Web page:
Sementara itu, menurut Satyarupa Shekhar, Koordinator gerakan #breakfreefromplastic Asia Pasifik, “Laporan OC, yang disusun oleh McKinsey & Company, sebuah perusahaan konsultan manajemen global yang kliennya mencakup beberapa pencemar plastik terbesar di dunia, melemahkan pembatasan penggunaan teknologi insinerator yang ada dan membuka pintu untuk solusi palsu dan perbaikan teknologi kontroversial untuk menangani krisis polusi plastik,” jelasnya. Satyarupa memaparkan beberapa contoh mencolok adalah: di Filipina, di mana larangan nasional terhadap insinerator terancam oleh proposal baru yang mengizinkan pembangkit listrik tenaga sampah menjadi energi, dan di Indonesia, di mana pemerintah terus mendorong insinerasi sampah meskipun keputusan Mahkamah Agung telah mencabut Perpres No. 18/2016, yang mempercepat pembangunan pembangkit listrik berbasis sampah atau insinerator.

Selain mencabut laporan tersebut, OC mengakui kesalahannya yang hanya fokus pada manajemen pengelolaan sampah plastik dan mempertimbangkan waste-to-energy atau insinerasi dan teknologi serupa lainnya untuk menangani krisis sampah plastik yang sedang berkembang. OC juga mengakui kesalahannya karena tidak melihat apa yang sudah dikerjakan oleh masyarakat lokal dan bagaimana dampaknya terhadap mereka akibat laporan tersebut.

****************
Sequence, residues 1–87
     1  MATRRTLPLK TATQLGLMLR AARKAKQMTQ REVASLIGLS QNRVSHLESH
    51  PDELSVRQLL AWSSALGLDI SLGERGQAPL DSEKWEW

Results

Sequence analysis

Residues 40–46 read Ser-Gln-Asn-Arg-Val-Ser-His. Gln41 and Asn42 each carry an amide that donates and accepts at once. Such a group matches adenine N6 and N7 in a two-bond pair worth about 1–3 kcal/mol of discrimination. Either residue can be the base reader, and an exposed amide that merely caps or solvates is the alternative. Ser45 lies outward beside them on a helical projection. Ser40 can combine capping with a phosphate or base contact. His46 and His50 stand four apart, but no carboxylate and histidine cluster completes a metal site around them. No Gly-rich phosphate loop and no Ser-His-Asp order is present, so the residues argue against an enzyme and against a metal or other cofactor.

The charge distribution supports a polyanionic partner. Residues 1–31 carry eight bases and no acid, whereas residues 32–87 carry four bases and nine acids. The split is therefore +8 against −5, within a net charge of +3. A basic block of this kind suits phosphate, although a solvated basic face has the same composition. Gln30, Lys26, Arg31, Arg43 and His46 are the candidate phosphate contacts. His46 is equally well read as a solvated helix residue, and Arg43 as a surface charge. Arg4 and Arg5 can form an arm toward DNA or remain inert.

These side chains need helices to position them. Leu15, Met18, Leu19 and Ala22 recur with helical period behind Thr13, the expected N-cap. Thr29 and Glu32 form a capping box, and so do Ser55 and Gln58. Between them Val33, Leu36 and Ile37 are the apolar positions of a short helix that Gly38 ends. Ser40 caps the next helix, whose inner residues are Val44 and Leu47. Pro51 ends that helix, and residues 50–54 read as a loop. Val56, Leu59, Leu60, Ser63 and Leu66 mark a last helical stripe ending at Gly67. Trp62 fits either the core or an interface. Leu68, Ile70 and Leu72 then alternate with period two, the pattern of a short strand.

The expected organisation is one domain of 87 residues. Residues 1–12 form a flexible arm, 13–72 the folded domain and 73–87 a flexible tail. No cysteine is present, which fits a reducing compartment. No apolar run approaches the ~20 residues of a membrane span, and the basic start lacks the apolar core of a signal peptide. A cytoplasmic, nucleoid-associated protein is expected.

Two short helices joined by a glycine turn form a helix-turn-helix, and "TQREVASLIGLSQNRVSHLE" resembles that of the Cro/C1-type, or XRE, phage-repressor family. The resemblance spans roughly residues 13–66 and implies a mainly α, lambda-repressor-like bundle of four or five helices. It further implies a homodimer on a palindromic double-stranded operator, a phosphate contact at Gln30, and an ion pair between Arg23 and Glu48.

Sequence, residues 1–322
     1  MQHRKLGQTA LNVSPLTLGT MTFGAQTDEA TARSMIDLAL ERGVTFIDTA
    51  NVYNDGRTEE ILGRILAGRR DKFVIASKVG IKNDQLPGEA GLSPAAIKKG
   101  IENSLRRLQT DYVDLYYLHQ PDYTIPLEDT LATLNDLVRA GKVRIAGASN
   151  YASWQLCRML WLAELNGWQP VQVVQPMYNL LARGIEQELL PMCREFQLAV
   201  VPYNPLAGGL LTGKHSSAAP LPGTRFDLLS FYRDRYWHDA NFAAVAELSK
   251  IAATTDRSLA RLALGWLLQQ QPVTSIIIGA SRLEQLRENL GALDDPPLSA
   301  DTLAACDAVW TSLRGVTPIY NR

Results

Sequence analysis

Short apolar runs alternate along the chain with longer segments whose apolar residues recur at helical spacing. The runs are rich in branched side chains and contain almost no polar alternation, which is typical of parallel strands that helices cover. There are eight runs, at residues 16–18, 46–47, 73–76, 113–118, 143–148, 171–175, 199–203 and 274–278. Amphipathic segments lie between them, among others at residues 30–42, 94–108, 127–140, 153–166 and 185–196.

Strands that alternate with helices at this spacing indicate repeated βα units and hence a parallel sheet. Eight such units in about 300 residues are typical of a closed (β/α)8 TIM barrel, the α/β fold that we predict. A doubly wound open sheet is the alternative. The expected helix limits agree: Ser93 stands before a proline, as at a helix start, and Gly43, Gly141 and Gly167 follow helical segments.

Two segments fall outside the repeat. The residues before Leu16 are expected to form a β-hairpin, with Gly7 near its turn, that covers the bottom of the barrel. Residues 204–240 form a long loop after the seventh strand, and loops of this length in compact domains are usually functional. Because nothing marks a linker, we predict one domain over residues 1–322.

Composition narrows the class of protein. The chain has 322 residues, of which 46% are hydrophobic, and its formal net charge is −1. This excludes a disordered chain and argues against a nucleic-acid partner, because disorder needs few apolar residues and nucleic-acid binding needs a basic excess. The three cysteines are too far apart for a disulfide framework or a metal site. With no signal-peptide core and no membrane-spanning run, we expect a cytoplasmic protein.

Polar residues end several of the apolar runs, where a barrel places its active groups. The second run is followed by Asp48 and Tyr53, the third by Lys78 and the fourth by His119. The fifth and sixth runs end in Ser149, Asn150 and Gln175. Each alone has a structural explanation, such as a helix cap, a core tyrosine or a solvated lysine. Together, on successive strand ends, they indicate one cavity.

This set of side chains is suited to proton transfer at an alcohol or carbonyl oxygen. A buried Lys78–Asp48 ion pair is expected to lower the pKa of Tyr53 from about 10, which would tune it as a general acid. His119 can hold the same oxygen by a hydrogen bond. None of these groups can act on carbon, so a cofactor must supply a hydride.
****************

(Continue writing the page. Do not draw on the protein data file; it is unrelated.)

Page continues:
Menyambut perubahan posisi OC, Aileen Lucero dari Ecowaste Coalition di Filipina dan Daru Rini dari ECOTON di Indonesia mengilustrasikan bahwa krisis plastik saat ini bukanlah hanya masalah manajemen pengelolaan sampah saja, melainkan masalah yang harus diatasi dengan melihat seluruh siklus hidup plastik. “Masalah dimulai saat bahan bakar fosil diekstraksi untuk menghasilkan plastik sekali pakai (PSP),” pungkas Daru.